Can’t quite square it…

While Batman hesitated to operate a wire-tap in Gotham, Nick Fury shows no moral difficulties with eavesdropping on every phone on the planet in an attempt to catch Loki. He isn’t even called on any of this by the team. When his superiors decide to deploy a nuclear weapon, Fury takes it on himself to refuse to follow their orders. “I recognize the council has made a decision, but given that it’s a stupid-ass decision, I’ve elected to ignore it.” Given that he is still in his job at the end of the movie, it suggests that Fury is pretty much completely unaccountable, even to a committee of anonymous world leaders.

He is even in a position, at the end of the movie, to make the decision to send the cosmic cube and Loki back to Asgard. That sounds like the kind of thing that the American government might have liked to have had some say in. He then allows the Avengers to disappear from any sort of official radar. (Although, given his manipulations in these films, I find it hard to believe he lets the team off his radar.) That suggests that Fury doesn’t answer to anybody on anything, which creates a decidedly sinister atmosphere around the character.

Hammer and S.H.I.E.L.D…

In fairness, the movie does call him on his clear manipulation the superheroes, exploiting Agent Coulson’s death to give them the “push” they needed to head to New York. Similarly, the discovery that Fury is constructing weapons of mass destruction using technology confiscated from the Nazis causes a miniature crisis in the middle of the second act.

Our morally upright heroes are outraged at this development, shocked at the idea that the international spymaster (the guy who brought them all together) might be involved in some shady dealings. Whedon’s point seems relatively clear: Fury is morally ambiguous, while the heroes are morally straight-forward. It feels more than a little bit awkward, as Marvel heroes have traditionally positioned themselves as somewhat flawed individuals. Captain America is, of course, a morally upstanding character, and Thor gave its character a solid arc that ended with him a bona fides hero rather than a spoiled manchild, but that doesn’t account for the other members of the team.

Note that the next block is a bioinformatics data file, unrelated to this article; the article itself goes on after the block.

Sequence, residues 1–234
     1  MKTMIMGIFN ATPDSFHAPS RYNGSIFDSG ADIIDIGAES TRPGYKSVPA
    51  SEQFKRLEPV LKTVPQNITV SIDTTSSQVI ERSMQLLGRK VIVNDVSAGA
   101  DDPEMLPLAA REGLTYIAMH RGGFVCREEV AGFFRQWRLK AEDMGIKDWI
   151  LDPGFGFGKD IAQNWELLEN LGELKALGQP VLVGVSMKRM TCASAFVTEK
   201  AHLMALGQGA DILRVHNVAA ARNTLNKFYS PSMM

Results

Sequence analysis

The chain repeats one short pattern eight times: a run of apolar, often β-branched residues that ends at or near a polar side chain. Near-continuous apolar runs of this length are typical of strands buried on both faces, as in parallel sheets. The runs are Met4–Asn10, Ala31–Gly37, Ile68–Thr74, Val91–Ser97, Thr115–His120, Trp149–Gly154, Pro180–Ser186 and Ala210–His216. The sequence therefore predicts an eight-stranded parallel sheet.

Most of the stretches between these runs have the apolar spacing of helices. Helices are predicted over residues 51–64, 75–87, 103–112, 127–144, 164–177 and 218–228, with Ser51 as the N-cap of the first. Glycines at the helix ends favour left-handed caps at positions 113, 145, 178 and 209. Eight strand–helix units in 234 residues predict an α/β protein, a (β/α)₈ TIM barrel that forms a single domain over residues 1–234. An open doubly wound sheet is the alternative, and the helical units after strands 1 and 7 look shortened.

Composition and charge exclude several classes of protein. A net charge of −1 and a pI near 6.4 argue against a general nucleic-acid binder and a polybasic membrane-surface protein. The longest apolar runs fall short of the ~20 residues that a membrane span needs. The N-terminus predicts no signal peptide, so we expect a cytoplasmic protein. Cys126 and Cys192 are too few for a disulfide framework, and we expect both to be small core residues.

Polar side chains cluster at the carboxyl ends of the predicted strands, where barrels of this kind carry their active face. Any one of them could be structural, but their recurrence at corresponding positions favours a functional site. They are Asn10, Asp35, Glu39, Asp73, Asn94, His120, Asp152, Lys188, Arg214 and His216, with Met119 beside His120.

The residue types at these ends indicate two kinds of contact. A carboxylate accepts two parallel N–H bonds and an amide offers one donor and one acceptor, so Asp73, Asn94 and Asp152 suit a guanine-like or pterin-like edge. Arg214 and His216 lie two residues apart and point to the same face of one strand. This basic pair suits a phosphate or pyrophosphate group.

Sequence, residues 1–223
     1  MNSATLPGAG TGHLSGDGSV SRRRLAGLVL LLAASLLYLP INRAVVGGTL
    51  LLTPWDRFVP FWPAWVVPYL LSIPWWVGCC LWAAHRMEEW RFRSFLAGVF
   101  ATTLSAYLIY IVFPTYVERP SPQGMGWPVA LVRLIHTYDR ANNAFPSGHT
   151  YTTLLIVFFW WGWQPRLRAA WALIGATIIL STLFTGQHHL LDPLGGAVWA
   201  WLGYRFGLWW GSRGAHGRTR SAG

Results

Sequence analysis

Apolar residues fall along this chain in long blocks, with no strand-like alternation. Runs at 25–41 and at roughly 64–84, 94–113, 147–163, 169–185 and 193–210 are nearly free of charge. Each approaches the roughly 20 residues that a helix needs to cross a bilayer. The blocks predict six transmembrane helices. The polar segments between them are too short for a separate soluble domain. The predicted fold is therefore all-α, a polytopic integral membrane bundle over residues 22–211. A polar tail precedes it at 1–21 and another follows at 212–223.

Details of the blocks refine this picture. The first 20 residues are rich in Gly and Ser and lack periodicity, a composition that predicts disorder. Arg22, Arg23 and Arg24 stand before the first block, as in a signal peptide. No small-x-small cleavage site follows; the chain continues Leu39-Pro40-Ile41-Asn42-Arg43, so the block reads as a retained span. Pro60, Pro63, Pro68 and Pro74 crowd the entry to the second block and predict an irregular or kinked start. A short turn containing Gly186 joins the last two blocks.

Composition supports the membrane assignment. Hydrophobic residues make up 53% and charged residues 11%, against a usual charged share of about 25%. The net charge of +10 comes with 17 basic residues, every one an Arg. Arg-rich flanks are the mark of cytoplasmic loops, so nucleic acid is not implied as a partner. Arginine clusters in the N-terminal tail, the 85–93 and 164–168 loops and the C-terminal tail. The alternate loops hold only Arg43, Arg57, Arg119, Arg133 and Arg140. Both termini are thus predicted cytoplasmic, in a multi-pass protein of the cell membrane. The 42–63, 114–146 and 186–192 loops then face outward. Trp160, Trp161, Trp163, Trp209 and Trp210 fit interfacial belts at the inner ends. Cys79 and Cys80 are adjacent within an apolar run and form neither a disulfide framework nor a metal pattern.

Steve’s thawed a bit on Nick…

Iron Man and Iron Man II are stories about Tony Stark growing into a hero and dealing with the consequences of his decisions, including his decision not to share his technology with the government. It seems quite strange to see that Stark has cleaned himself up perfectly by the time that The Avengers comes around, to the point where he’s even in a stable relationship with Pepper Potts. I know this is character development, but it feels strange to have it happen off-screen and to present Tony as an almost perfectly rounded individual in The Avengers. (He’s a little arrogant, but justifiably so.) And Bruce Banner went from a guy who developed a super-soldier substitute he then tested on himself to a zen pacifist between films.